Should you invest in markets outside your home country?


Suneeti Ahuja Kohli

Published: Thu 8 Jul 2021, 8:44 PM

Good investments are not restricted to borders. Of course, there is a sense of familiarity that often binds us to our home countries, especially when it comes to equity investments, but diversifying to other foreign countries has its merits.

Consider these numbers. In 2020, the US stock markets made up more than half of the world stock market capitalisation at 55 per cent as per a Credit Suisse report. This is followed by Japan at 7.7 per cent, UK at 5 per cent, China at 4, followed by the rest. If you are ignoring foreign markets, you are potentially ignoring an easy way to substantially diversify your stock portfolio and also an opportunity to earn better returns.

To put things in perspective, let’s look at the historical returns of various equity markets. Over a period of 120 years, from 1900 to 2020, the Australian stock markets have given annualised returns of about 9.8 per cent, followed by US stock markets at 9.6 per cent. These numbers are from Credit Suisse Global Investment Returns Yearbook 2021. Emerging markets have given 6.9 per cent during the same period and European markets tad above 7 per cent.

The point of such comparisons is to show what investors lose by restricting their investments to one particular country.

“Indians mostly look at investing in India. Emiratis invest in local markets. Brits and Americans in respective markets. But as an investor, you should remove home bias and build a diversified portfolio in terms of asset class and geographies. If your home market does not do well for 10 years, but maybe the European markets or Japanese markets do well, it will protect your gains,” says Steven Downey, Portfolio Manager, Mada Capital.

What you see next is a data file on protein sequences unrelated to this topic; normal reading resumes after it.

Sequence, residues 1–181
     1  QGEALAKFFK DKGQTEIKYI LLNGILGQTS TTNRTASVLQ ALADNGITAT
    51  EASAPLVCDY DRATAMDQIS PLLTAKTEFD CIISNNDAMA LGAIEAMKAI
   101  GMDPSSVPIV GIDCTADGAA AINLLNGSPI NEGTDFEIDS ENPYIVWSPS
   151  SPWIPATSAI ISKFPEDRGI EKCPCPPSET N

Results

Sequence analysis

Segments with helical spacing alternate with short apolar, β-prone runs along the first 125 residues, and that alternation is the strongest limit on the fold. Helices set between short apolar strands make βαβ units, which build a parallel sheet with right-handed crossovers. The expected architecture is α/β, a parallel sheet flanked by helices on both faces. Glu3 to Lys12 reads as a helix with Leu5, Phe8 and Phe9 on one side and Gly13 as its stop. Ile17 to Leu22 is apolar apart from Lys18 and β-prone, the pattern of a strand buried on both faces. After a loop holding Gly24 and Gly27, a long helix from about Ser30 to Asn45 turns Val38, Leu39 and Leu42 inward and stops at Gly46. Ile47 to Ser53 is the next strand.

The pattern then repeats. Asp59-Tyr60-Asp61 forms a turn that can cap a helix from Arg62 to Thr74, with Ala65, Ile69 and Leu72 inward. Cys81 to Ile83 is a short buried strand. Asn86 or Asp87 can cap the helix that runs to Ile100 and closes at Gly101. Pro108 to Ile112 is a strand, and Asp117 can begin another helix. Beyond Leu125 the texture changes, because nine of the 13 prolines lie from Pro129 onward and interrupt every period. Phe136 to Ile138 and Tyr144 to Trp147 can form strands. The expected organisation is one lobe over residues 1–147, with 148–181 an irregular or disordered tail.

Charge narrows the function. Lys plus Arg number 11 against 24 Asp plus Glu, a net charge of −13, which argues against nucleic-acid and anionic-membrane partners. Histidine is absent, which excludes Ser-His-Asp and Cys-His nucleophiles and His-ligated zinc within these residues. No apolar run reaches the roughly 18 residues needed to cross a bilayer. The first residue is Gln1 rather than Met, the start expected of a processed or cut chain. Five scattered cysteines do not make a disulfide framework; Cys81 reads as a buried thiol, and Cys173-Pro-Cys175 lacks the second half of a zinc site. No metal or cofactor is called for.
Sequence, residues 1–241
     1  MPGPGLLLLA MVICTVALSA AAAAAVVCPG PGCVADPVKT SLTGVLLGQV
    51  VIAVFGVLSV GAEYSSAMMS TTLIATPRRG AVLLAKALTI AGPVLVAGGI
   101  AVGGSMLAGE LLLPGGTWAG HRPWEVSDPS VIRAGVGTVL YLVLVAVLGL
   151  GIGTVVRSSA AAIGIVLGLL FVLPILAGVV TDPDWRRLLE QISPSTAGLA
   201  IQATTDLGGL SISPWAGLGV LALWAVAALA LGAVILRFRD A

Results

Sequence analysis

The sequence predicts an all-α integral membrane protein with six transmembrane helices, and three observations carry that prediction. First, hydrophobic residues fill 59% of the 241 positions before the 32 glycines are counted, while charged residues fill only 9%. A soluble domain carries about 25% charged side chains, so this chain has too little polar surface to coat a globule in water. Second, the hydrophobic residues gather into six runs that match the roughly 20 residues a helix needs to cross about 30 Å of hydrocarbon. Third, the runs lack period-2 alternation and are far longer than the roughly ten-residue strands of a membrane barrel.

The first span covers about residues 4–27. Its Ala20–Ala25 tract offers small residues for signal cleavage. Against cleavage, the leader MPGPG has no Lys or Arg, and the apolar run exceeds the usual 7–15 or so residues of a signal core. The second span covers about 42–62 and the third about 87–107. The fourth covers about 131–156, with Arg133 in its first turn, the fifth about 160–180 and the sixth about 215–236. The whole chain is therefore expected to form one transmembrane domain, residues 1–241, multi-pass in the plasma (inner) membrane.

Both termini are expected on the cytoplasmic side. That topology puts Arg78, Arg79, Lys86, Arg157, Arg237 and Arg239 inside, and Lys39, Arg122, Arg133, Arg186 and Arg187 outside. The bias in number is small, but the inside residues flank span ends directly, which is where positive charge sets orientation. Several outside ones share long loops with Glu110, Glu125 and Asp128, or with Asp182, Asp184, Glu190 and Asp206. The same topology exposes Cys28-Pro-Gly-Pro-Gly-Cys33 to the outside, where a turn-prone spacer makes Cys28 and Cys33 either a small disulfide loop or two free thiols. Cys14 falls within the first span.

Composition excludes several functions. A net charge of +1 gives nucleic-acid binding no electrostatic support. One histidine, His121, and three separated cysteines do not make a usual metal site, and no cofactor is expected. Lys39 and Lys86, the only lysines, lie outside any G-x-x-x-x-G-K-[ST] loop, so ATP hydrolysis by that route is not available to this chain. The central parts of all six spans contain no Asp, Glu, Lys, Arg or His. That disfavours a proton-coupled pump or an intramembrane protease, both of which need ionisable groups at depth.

It is not the question of ‘either-or’ strategy as most people view it. Stocks of different countries can and should co-exist in a portfolio, just like stocks of different sectors and industries. Global diversification is one of the keys to a well-diversified portfolio. “Investors looking to invest in global mutual funds should look at companies like iShares and Vanguard. In case of investing in stocks, bonds, and ETFs, there are several platforms in the UAE. Swiss Quote, IG, Interactive Brokers, Saxo Bank, for instance, to name a few,” says Downey.

He also suggests comparing the costs before committing to a platform. “I think these platforms generally charge anywhere from $1 to $10 a trade. If you’re an active day trader, then obviously you need a platform that allows low-cost transactions. But if you’re going to be investing maybe once a year or once every six months then it doesn’t really matter in terms of one- or ten-dollar transaction fee.”

If you are looking to invest in global companies, which could include the likes of Google, Apple, Tesla, etc., or get exposure to select markets such as the US, India, China, mutual funds offer a convenient way.

A global diversified equity fund, which falls under active funds, can give you exposure to more companies and also lessen the risks involved. When looking at investing, it is good to be objective. Shed the familiarity bias and go global.

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